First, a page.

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How the Smartphone Is Changing College Student Mobile Usage and Advertising Acceptance: A Seven-Year Analysis
Unformatted Document Text:  was sent to their mobile phones (Forrester Research, 2007). One-third (34%) of mobile Web users, primarily smartphone owners in the United States and internationally, say they would watch advertisements on their mobile phones in exchange for free mobile content, according to the Online Publishers Association (2007). A Harris Interactive study found 35% of U.S. adult mobile phone users are willing to accept incentive-based mobile advertisements (Harris Interactive, 2007). Although there is a growing body of knowledge about consumer attitudes toward mobile advertising and the factors that may affect consumer acceptance of mobile advertising, no multi-year analysis of those factors and how those factors are impacted by feature phone usage versus smartphone usage exists. The purpose of this study is to investigate college student smartphone and feature phone content usage, and exposure to and acceptance of mobile advertising during a seven-year period. Specifically, student smartphone and feature phone content usage and mobile phone advertising acceptance is measured using seven online surveys conducted between November 2005 and February 2011. Ad acceptance is measured using the six mobile advertising acceptance factors postulated by Saran, Cruthirds and Minor (2004) in their Wireless Advertising Acceptance Scale. REVIEW OF LITERATURE While increased attention is being paid to mobile advertising in academic research and the popular press, the number of available studies that explain the theory and practice of mobile advertising is limited (Leppäniemi, Sinisalo & Karjaluoto, 2006). A small but growing body of research, much of it from academic researchers at European and Asian academic institutions, has investigated the factors that drive consumer acceptance of mobile advertising, but few U.S.-based studies have investigated if and how incentives could motivate consumer acceptance. Early academic studies into the practice of mobile marketing and wireless advertising have been theoretical and conceptual in nature. A predominant amount of the existing academic research of mobile advertising has focused on establishing frameworks and conceptual models to help formulate a foundation for the field of study. Given that no specific mobile acceptance theory has yet to be broadly accepted, researchers, in an attempt to build models, have leveraged theory and practice from traditional advertising 5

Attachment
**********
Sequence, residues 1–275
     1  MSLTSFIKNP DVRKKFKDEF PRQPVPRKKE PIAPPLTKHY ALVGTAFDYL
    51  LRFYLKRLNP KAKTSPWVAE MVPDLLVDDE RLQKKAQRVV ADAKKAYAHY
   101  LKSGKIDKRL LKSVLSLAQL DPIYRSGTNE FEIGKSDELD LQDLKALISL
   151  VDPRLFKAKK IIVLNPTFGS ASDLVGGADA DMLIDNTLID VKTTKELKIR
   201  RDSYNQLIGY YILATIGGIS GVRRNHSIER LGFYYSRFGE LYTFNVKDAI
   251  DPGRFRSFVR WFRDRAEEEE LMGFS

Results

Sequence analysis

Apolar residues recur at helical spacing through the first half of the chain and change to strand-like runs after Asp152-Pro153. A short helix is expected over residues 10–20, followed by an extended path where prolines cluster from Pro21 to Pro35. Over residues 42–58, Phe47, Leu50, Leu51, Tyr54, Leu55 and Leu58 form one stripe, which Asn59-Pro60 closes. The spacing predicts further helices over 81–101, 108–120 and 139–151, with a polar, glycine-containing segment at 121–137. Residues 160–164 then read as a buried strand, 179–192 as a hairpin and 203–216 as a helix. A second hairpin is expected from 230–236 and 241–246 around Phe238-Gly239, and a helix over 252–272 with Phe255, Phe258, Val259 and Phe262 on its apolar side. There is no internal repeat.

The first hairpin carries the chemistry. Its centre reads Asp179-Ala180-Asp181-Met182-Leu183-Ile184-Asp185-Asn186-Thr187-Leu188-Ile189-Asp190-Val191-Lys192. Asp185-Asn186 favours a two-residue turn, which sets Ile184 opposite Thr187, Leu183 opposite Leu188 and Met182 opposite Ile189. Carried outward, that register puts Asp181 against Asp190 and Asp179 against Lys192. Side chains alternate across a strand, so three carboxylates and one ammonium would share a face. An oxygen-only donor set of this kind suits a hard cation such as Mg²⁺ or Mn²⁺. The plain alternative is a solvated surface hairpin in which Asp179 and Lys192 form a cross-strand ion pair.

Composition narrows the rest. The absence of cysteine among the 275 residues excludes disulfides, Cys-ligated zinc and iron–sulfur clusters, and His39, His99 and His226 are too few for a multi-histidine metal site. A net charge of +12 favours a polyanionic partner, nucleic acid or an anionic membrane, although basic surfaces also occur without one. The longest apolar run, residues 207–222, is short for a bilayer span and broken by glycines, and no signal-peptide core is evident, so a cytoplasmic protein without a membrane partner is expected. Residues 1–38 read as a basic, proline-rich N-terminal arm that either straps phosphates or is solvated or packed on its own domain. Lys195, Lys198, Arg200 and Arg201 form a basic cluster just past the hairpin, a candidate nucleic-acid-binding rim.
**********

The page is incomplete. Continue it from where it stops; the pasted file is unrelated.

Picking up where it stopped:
Authors: Hanley, Michael.
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was sent to their mobile phones (Forrester Research, 2007). One-third (34%) of mobile Web users, 
primarily smartphone owners in the United States and internationally, say they would watch 
advertisements on their mobile phones in exchange for free mobile content, according to the Online 
Publishers Association (2007). A Harris Interactive study found 35% of U.S. adult mobile phone users are 
willing to accept incentive-based mobile advertisements (Harris Interactive, 2007). Although there is a 
growing body of knowledge about consumer attitudes toward mobile advertising and the factors that may 
affect consumer acceptance of mobile advertising, no multi-year analysis of those factors and how those 
factors are impacted by feature phone usage versus smartphone usage exists.
The purpose of this study is to investigate college student smartphone and feature phone content 
usage, and exposure to and acceptance of mobile advertising during a seven-year period. Specifically, 
student smartphone and feature phone content usage and mobile phone advertising acceptance is 
measured using seven online surveys conducted between November 2005 and February 2011. Ad 
acceptance is measured using the six mobile advertising acceptance factors postulated by Saran, Cruthirds 
and Minor (2004) in their Wireless Advertising Acceptance Scale.
While increased attention is being paid to mobile advertising in academic research and the popular 
press, the number of available studies that explain the theory and practice of mobile advertising is limited 
(Leppäniemi, Sinisalo & Karjaluoto, 2006). A small but growing body of research, much of it from 
academic researchers at European and Asian academic institutions, has investigated the factors that drive 
consumer acceptance of mobile advertising, but few U.S.-based studies have investigated if and how 
incentives could motivate consumer acceptance. 
Early academic studies into the practice of mobile marketing and wireless advertising have been 
theoretical and conceptual in nature. A predominant amount of the existing academic research of mobile 
advertising has focused on establishing frameworks and conceptual models to help formulate a foundation 
for the field of study. Given that no specific mobile acceptance theory has yet to be broadly accepted, 
researchers, in an attempt to build models, have leveraged theory and practice from traditional advertising 

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